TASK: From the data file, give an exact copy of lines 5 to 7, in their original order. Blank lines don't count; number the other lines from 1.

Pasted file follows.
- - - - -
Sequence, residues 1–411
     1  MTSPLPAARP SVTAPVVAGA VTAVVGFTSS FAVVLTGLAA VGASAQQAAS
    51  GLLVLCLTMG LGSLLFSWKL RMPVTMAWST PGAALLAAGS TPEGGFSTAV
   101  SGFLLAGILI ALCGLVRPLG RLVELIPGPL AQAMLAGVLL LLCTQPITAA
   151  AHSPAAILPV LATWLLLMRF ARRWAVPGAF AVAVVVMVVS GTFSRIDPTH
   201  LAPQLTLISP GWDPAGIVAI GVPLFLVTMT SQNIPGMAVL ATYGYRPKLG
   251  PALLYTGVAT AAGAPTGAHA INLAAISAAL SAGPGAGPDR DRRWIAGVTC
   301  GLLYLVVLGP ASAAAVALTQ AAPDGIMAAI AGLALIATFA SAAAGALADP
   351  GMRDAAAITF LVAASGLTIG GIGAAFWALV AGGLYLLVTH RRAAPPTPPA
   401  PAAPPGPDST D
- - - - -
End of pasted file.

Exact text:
   151  AHSPAAILPV LATWLLLMRF ARRWAVPGAF AVAVVVMVVS GTFSRIDPTH
   201  LAPQLTLISP GWDPAGIVAI GVPLFLVTMT SQNIPGMAVL ATYGYRPKLG
   251  PALLYTGVAT AAGAPTGAHA INLAAISAAL SAGPGAGPDR DRRWIAGVTC